‘Come to Him who comes to you’

By Joel Padgett

One of the most frequent petitions that we hear during Advent is “Come, Lord Jesus!” During this liturgical season, we foster a spirit of expectant longing as we lovingly await the celebration of Our Savior’s birth. Historically, this waiting was that of the people of Israel as they yearned for the coming Messiah. Eschatologically, it is that of the Church, as we wait for Christ to come again at the end of time. But, in the meantime — this current time between Christ’s coming in His Incarnation and His second coming at the end of the ages — let us not overlook the ways in which Jesus mysteriously comes to us in our daily lives.

One of the most privileged ways in which Christ continues to come to us is through His coming in the Eucharist. It is one of the ways by which He fulfills His promise to remain with us always: “I am with you always, until the end of the age” (Mt 28:20). But, as remarkable as it is for Christ to continue to come to us, it will personally do us little direct benefit if we do not, in turn, go to Him.

Jesus’ command, “Go therefore and make disciples of all nations” (Mt 28: 19), is at the heart of why Christianity has spread throughout the world; and His command, “Do this in remembrance of me” (Lk 22:19), is what underlies and sustains the celebration of the Eucharist down through the centuries. Two-thousand years later, these very words of Jesus make it relatively simple for us living here in southwestern Indiana to go to Him in the Eucharist. However, God always respects our free will; and even though He commits Himself to come to us, He does not force us to go to Him. He invites us simply because He loves us. He knows that not going to Him — the source of our happiness, purpose, and realization — is to our own detriment.

One of the most ordinary ways that we, as Catholics, go to Christ in the Eucharist is through participating in Sunday Mass and preparing ourselves well to receive Him in Holy Communion. However, in addition to the ordinary ways, there are also extraordinary ways to go to Christ in the Eucharist. Here, I wish to point out just one such extraordinary opportunity.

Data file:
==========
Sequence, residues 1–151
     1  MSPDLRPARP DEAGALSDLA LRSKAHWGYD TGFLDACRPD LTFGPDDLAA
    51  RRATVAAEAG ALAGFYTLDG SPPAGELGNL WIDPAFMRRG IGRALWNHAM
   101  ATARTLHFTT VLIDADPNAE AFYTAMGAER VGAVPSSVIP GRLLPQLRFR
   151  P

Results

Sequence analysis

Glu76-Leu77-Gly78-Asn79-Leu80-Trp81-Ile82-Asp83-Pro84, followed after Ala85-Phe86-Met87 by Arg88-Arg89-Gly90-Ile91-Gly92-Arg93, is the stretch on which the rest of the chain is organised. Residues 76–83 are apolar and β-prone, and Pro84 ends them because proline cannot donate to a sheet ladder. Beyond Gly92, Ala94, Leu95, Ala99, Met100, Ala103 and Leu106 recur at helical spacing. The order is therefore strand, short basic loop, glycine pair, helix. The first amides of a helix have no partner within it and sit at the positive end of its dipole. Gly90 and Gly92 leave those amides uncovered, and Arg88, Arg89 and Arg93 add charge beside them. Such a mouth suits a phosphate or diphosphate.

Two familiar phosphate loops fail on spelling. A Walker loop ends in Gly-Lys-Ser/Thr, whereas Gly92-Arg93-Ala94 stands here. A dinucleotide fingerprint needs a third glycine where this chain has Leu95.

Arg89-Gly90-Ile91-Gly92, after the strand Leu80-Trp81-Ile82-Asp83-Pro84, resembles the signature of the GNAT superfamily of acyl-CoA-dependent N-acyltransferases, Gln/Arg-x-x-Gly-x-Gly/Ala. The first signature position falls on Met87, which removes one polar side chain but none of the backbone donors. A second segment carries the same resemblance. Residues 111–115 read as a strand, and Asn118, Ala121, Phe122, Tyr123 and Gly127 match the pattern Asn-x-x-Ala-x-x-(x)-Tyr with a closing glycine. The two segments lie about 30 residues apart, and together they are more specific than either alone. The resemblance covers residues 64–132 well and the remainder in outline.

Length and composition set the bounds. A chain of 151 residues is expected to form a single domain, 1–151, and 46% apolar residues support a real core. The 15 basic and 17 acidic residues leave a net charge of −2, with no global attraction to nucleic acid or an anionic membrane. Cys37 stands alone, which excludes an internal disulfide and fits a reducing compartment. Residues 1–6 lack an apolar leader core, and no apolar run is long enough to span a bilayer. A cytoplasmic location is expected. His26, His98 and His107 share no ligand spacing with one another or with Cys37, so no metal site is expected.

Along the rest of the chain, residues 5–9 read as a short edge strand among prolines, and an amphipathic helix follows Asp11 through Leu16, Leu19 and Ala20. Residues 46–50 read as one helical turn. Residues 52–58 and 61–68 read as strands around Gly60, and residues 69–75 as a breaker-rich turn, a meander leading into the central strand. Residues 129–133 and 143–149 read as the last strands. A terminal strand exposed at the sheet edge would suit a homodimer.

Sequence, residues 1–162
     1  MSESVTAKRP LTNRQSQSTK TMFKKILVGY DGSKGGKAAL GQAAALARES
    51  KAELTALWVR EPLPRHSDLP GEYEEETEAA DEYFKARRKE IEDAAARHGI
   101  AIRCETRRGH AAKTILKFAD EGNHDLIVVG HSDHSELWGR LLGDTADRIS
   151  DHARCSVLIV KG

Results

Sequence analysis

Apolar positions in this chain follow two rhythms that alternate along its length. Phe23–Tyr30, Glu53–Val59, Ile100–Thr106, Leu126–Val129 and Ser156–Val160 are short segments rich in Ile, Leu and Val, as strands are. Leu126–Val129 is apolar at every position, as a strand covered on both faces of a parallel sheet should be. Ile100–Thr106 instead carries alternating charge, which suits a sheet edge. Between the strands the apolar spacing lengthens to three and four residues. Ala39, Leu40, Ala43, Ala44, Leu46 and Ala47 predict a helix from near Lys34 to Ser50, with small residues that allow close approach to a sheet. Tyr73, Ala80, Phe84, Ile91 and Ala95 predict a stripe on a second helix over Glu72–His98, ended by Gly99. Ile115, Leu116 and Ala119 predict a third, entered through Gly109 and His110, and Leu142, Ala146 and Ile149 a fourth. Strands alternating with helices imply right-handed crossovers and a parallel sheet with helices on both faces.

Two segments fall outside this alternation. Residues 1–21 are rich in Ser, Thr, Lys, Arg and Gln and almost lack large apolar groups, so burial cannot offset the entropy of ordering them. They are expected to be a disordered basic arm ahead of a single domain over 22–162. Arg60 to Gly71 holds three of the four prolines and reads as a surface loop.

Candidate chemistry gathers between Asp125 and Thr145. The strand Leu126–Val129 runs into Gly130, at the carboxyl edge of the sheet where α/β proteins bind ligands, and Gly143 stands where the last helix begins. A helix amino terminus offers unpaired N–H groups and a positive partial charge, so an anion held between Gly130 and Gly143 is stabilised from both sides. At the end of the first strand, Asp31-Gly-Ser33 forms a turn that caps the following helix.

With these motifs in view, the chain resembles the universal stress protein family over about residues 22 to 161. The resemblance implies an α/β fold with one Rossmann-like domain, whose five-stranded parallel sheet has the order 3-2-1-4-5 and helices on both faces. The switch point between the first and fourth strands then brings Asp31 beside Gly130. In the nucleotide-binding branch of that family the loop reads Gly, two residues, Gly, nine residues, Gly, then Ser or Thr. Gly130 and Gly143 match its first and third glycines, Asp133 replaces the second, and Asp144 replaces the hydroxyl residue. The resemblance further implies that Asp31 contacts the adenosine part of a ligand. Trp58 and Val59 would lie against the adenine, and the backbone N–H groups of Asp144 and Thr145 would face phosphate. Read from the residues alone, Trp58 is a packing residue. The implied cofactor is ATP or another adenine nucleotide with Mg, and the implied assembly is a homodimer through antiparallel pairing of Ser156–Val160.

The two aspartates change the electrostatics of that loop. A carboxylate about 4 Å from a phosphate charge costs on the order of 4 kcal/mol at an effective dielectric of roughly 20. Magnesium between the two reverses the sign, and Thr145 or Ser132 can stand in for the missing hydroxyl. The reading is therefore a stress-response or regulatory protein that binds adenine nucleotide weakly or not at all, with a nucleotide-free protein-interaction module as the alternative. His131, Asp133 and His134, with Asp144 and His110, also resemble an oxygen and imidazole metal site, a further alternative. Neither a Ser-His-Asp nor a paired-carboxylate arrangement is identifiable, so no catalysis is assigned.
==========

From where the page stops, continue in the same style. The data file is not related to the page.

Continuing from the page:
On Jan. 13, all of the faithful of our diocese are invited to gather together, with Bishop Joseph M. Siegel and our priests, around the Eucharistic Christ at our Diocesan Eucharistic Congress. The Congress will be held at the Old National Events Plaza in Evansville; for more information, please visit eucharisticcongressevdio.org. Although we have the opportunity to gather together at our individual parishes on a regular basis, it is quite extraordinary that we have the chance to come together as a diocese — to intentionally set aside and dedicate a day to especially celebrate Christ’s presence in the Eucharist through adoration, Mass and various reflections.

In keeping with the Advent petition of “Come, Lord Jesus,” I wish to express three invitations to come to the Diocesan Eucharistic Congress — if you are able to do so:

  • Come gather around Christ, really and truly present in the Eucharist — body, blood, soul and divinity! Come to adore, praise and give thanks to God for the tremendous gift that He has made of His very self to us.
  • Come be nourished and strengthened in your faith. Be fed by Christ, be nourished by those who will be bearing witness through their words, and be strengthened by your fellow brothers and sisters in Christ from around our diocese.
  • Come bear witness to others. Share your witness. We all form part of Christ’s mystical body. Your presence is important. Just as you are strengthened by the presence of so many others gathering together to share their faith and love for the Eucharistic Christ, so you strengthen others through your presence.